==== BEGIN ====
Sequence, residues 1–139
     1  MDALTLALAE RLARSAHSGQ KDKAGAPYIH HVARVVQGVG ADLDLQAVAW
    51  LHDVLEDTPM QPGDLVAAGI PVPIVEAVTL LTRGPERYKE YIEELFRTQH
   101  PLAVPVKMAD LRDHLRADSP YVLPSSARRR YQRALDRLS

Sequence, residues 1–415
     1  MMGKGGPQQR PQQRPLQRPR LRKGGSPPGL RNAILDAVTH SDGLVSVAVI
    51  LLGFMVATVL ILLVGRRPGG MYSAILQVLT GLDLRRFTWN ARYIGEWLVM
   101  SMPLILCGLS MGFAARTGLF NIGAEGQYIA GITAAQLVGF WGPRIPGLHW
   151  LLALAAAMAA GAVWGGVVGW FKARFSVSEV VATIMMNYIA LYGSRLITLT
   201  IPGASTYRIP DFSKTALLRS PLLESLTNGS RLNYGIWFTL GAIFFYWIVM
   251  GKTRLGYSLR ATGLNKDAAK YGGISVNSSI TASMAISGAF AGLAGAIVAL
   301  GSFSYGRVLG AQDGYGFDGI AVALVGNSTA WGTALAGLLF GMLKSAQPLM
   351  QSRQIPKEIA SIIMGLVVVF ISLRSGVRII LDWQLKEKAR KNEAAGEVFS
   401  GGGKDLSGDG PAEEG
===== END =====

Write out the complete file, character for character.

Sequence, residues 1–139
     1  MDALTLALAE RLARSAHSGQ KDKAGAPYIH HVARVVQGVG ADLDLQAVAW
    51  LHDVLEDTPM QPGDLVAAGI PVPIVEAVTL LTRGPERYKE YIEELFRTQH
   101  PLAVPVKMAD LRDHLRADSP YVLPSSARRR YQRALDRLS

Sequence, residues 1–415
     1  MMGKGGPQQR PQQRPLQRPR LRKGGSPPGL RNAILDAVTH SDGLVSVAVI
    51  LLGFMVATVL ILLVGRRPGG MYSAILQVLT GLDLRRFTWN ARYIGEWLVM
   101  SMPLILCGLS MGFAARTGLF NIGAEGQYIA GITAAQLVGF WGPRIPGLHW
   151  LLALAAAMAA GAVWGGVVGW FKARFSVSEV VATIMMNYIA LYGSRLITLT
   201  IPGASTYRIP DFSKTALLRS PLLESLTNGS RLNYGIWFTL GAIFFYWIVM
   251  GKTRLGYSLR ATGLNKDAAK YGGISVNSSI TASMAISGAF AGLAGAIVAL
   301  GSFSYGRVLG AQDGYGFDGI AVALVGNSTA WGTALAGLLF GMLKSAQPLM
   351  QSRQIPKEIA SIIMGLVVVF ISLRSGVRII LDWQLKEKAR KNEAAGEVFS
   401  GGGKDLSGDG PAEEG